Ha….that almost sounds like a night out in the UK <Wink>.
Anyway, I wanted to post this, as St Pat’s is coming up and what a perfect time to cook with Stout.
I personally will be in LA for a User’s Conference and don’t have time to try this for a few weeks, but there are some more accomplished cooks out there (TommyG, Marsha, Kendra) that would do this better justice than me anyway. Will any of you three take up the challenge and give this a try? Send me your pics and I will post.
Braise them with carrots, mushrooms, peas and bacon.
Most health-conscious cooks focus on boneless, skinless chicken breasts.
It makes sense. This ubiquitous piece of the bird is convenient, versatile and virtually fat-free. But there are other options on the same bird. The more flavorful and just as convenient boneless, skinless thighs really should be near the top of your shopping list. Here's why:
While it is true that the humble thigh is fattier than the breast — about 7 grams per 3-ounce cooked portion — that fat brings with it the extra flavor and moisture breasts can so often lack. Plus, the dark meat of the thigh contains the nutritional jackpot of considerably more iron and twice the zinc of white meat.
That extra fat also means it's harder to ruin a chicken thigh recipe, even with quick, high-heat cooking.
Boneless, skinless thighs are just as convenient as breasts, but they do take a bit longer to cook, which makes them well suited to absorb plenty of smokiness on the grill or flavor from a sauce during a stovetop braise.
This recipe for stout-braised chicken thighs, which is perfect for St. Patrick's Day, combines flash browning over high heat and a quick, low-heat braise. By switching around the sauce ingredients, you can turn this method for cooking thighs into an endless variety of dishes
Here, the recipe calls for 3/4 cup of a stout beer and a single strip of chopped bacon to make a smoky, malty sauce that's balanced by the sweetness of peas, carrots and onions, plus the earthiness of mushrooms.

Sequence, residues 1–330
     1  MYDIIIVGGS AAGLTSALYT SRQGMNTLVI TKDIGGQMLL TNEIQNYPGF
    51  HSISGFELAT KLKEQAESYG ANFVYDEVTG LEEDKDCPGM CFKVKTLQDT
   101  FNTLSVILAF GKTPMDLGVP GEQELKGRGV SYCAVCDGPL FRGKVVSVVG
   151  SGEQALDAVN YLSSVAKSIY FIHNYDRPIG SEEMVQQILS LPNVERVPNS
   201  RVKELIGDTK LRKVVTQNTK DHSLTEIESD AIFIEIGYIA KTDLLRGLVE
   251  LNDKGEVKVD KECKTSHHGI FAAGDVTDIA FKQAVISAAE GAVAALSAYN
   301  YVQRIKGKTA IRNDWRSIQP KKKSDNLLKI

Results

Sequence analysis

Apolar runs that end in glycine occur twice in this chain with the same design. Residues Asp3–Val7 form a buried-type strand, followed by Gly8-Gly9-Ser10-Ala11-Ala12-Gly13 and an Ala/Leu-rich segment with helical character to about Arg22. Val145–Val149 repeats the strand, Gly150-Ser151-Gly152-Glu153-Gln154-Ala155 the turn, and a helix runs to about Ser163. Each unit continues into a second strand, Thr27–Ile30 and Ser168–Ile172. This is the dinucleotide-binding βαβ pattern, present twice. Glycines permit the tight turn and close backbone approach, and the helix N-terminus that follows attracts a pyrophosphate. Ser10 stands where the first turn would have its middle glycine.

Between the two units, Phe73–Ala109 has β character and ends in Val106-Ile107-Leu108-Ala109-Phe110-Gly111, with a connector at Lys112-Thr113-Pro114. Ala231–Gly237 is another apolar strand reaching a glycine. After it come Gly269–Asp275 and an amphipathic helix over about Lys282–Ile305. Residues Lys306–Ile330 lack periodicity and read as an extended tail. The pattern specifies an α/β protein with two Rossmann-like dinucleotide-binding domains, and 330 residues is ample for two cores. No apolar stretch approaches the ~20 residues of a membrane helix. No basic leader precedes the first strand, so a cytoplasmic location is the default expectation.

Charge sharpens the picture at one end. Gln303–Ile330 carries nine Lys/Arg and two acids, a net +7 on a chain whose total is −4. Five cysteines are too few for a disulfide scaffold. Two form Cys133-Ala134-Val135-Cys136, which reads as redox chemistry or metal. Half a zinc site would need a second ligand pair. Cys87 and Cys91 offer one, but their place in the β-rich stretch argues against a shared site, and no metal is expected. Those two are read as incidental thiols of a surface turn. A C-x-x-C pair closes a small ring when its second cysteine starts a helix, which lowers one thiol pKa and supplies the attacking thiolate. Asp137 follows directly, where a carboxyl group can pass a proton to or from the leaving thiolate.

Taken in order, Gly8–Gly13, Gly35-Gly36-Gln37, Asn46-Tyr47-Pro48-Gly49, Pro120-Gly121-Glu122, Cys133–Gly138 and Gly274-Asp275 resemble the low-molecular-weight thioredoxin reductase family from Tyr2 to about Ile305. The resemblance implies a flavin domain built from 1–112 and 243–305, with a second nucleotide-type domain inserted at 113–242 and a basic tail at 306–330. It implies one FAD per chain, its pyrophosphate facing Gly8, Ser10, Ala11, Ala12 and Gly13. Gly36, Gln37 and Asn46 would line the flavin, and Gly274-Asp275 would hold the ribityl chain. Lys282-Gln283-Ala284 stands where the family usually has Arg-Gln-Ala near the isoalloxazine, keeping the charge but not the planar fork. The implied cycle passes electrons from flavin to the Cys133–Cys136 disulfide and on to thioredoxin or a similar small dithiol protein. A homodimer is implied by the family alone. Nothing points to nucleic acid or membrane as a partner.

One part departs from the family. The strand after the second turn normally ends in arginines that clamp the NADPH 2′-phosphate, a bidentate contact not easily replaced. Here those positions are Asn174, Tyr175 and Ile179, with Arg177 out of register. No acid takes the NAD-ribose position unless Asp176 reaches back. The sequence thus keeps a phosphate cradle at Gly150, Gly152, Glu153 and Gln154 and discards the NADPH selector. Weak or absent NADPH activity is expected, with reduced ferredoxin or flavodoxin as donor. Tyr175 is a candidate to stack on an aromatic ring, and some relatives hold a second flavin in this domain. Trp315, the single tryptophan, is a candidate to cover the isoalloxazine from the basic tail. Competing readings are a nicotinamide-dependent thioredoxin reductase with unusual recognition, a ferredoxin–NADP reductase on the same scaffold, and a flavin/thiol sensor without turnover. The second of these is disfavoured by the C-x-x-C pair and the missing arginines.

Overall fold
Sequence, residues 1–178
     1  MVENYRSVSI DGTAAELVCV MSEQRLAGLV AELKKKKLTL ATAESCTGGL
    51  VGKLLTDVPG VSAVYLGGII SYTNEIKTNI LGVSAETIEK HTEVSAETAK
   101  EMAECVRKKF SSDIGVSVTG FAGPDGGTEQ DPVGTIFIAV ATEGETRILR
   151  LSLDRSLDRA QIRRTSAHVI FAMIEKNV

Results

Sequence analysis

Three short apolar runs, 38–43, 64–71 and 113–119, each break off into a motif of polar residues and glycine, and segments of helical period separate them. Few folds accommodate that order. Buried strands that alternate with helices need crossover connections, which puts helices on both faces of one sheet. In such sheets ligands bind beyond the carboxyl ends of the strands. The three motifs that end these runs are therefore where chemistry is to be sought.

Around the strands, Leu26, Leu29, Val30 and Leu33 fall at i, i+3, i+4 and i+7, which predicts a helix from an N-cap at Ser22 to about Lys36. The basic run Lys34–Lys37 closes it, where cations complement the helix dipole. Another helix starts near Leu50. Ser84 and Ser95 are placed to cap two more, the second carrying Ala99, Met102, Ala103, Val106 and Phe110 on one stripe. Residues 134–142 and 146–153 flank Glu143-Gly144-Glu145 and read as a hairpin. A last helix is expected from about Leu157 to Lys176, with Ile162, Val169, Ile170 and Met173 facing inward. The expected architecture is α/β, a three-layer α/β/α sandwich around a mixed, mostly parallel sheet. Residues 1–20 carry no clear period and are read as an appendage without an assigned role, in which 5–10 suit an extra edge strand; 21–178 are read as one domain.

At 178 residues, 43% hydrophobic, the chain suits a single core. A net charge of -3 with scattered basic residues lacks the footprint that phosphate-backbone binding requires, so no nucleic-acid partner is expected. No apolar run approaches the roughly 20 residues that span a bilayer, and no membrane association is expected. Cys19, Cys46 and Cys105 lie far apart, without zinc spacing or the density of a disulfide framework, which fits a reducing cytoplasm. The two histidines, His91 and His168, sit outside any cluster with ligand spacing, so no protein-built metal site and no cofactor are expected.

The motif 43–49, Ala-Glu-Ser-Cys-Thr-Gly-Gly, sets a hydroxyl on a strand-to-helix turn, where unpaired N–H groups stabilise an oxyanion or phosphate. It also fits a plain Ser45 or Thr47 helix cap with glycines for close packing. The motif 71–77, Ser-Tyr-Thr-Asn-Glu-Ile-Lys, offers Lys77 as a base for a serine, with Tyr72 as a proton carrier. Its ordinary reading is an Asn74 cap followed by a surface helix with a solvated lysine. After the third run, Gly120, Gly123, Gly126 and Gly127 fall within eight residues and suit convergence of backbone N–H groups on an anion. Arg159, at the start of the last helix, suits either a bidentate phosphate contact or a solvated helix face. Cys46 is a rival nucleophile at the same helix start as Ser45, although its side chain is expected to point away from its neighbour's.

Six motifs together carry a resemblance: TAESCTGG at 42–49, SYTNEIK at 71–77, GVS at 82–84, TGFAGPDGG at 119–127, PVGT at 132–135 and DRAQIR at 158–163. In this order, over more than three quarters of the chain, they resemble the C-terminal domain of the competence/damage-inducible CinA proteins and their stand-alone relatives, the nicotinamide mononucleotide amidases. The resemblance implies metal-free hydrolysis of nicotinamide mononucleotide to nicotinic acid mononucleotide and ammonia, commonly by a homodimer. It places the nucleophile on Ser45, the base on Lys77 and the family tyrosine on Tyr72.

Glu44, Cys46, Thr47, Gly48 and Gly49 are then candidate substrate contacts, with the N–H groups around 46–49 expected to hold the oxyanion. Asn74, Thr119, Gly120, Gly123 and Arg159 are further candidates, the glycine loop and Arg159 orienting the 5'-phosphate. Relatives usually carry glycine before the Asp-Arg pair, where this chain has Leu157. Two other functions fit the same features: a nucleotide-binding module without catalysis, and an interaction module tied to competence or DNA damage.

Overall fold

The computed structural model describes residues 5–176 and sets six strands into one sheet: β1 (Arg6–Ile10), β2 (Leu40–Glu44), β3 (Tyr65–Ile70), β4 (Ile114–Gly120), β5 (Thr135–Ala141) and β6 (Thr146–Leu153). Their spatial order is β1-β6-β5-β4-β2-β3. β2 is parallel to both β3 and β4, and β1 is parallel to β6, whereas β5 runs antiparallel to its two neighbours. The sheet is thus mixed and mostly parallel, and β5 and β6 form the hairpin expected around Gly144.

Serve with mashed potatoes or even an Irish colcannon (potatoes mashed with kale or cabbage) to help soak up the sauce.
Stout-braised chicken thighs
Start to finish: 50 minutes (30 minutes active)
- 1/4 cup plus 3 tablespoons flour, divided
- 1/2 teaspoon salt
- 1/2 teaspoon ground black pepper
- 1 1/4 pounds boneless, skinless chicken thighs, trimmed
- 2 teaspoons olive oil
- 1 slice bacon, finely chopped
- 1 small yellow onion, diced
- 3/4 cup baby carrots
- 4 ounces mushrooms, halved
- 3/4 cup stout, such as Guinness
- 3/4 cup reduced-sodium chicken broth
- 3/4 cup frozen baby peas
In a shallow dish, combine 1/4 cup of flour with 1/2 teaspoon each of salt and black pepper. Dredge chicken thighs in flour mixture to coat completely, then set on a plate. In a 12-inch, nonstick skillet over medium-high, heat olive oil. Add chicken thighs and cook until well browned, 3 to 4 minutes per side. Transfer to a clean plate and set aside.
Add bacon to skillet and cook, stirring often, for 2 minutes. Add onion, carrots and mushrooms and saute until vegetables begin to brown, about 4 minutes. Sprinkle remaining 3 tablespoons flour over vegetables and cook, stirring constantly, another 2 minutes.
Add stout and broth to pan and bring to a boil using a wooden spoon to scrape up any browned bits from bottom of pan. Return thighs to pan, nestling them among vegetables. Reduce heat until liquid is gently simmering, then cover and cook 15 minutes.
Add peas and cook, covered, for 5 minutes more. Uncover pan and simmer 5 minutes more. Season with salt and pepper and serve chicken with vegetables and sauce spooned over top.
Per serving (values are rounded to the nearest whole number): 409 calories; 180 calories from fat (44 percent of total calories); 20 g fat (5 g saturated; 0 g trans fats); 98 mg cholesterol; 21 g carbohydrate; 31 g protein; 2 g fiber; and 397 mg sodium.